Each year, those involved in the film selection process see between 60 and 100 films from which the final choices are made.

"We were quite taken by the plethora of excellent films this year and had our line-up all set in February," Seaman said.

By March, however, it was becoming increasingly clear that the coronavirus pandemic was going to change the course of BJFF 2020.

"In early March, Steve and I participated in a Zoom conference call with about 25 members of the Jewish Film Presenters Network, a national organization," Seaman said. "Several of the participants were at that time in the midst of their film festivals, or about to be, thus facing the immediate challenge of deciding whether to postpone or cancel their festivals and were dealing with the details of notifications and possible reimbursements.

"This ... is where we first heard talk about the very concept of having a virtual film festival should the pandemic continue unabated."

At a subsequent Zoom meeting with her own committee, the decision was made to go virtual.

"I didn't feel optimistic about the virus going away anytime soon and the news was reporting at least 18 months until a vaccine would be available," Seaman said.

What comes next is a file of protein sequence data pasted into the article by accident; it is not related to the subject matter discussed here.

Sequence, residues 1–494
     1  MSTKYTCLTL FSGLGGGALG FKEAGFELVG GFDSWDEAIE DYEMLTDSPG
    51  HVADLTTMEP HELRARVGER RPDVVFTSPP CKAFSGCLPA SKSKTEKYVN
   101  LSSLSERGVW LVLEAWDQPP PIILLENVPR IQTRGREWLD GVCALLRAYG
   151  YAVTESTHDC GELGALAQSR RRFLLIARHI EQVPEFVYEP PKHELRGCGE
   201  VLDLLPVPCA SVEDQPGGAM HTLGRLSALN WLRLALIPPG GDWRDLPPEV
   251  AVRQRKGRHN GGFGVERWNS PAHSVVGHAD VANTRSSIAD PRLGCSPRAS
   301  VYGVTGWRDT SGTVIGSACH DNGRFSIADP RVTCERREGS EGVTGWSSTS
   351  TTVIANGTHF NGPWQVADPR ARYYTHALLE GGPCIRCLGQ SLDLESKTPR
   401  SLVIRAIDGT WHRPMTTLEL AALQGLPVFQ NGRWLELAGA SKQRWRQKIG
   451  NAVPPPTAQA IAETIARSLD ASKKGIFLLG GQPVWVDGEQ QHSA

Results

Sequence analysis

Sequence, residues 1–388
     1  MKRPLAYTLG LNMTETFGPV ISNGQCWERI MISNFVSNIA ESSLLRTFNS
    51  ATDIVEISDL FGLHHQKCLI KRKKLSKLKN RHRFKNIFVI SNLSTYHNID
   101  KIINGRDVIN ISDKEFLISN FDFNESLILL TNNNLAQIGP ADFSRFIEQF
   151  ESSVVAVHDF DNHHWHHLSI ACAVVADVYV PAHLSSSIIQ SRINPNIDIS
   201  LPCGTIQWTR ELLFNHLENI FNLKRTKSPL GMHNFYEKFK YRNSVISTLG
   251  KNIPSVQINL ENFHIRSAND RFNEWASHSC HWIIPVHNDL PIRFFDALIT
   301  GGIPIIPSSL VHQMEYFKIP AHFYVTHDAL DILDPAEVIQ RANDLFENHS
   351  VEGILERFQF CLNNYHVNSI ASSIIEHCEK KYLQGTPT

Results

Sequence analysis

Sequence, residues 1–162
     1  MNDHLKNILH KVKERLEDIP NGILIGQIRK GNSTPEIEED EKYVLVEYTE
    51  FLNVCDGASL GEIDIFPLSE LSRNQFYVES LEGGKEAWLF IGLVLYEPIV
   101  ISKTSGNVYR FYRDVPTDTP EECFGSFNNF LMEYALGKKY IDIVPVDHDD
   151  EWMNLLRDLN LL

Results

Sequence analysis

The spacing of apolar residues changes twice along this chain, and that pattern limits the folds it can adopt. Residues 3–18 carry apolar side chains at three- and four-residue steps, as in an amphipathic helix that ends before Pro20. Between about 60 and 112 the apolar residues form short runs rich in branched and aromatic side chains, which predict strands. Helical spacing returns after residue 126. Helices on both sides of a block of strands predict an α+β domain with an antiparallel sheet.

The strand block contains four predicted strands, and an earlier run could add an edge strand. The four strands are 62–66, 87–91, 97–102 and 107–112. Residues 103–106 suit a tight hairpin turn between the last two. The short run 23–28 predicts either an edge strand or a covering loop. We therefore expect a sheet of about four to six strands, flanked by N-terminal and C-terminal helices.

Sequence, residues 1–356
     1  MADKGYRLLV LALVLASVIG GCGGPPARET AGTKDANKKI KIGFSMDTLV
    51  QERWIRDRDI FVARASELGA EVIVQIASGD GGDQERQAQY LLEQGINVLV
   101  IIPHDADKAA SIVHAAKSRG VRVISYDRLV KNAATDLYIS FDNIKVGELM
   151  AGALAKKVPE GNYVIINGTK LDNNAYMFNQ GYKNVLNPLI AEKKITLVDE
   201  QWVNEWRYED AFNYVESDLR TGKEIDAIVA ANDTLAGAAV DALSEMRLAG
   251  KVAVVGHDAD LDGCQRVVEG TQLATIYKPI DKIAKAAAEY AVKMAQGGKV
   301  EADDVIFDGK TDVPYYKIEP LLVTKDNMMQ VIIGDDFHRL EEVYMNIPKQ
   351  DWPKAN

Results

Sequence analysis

"Our audience members flock to the Berkshires from all parts of the country and if travel was going to be an issue, we would have a problem. Of course, we have many year-round residents who are devoted festival-goers and we just weren't going to risk anyone's health. We know that the festival ... is also a social gathering, an important element."

The challenges, Seaman said, were considerable.

"The first step we had to take was find a company which could handle the film showings and the ticketing," she said. Friends at the SXSW Film Festival in Austin offered a recommendation that Seaman and her committee found more than acceptable.

"The next step was to create a whole new website," she said. "We have to instruct people how to use the website and buy their tickets. It's not difficult. It's just different."

Then, Seaman said, "some of the distributors were not keen on the online element so new films had to be found. And we ourselves had to learn some of the ropes of putting on a festival in a completely new way."

Seaman loves this year's selections. Among the standouts for her is "Broken Mirrors," starring Shira Haas, "one of the biggest Israeli stars at this time ... ," Seaman said. "Everyone who has seen her in 'Unorthodox' and 'Shtisel' loves her." "Broken Mirrors" is scheduled to be shown 8 p.m. July 20.

"Our focus this summer has been on showing compelling films, trying to stay optimistic, trying to keep our audience engaged and feeling as though they are still part of our community — which they are no matter where they live," Seaman said.

"We have people who will be watching our films from Nevada, California, Florida, New York, Canada, all over. We are all in this together and we are all making it work."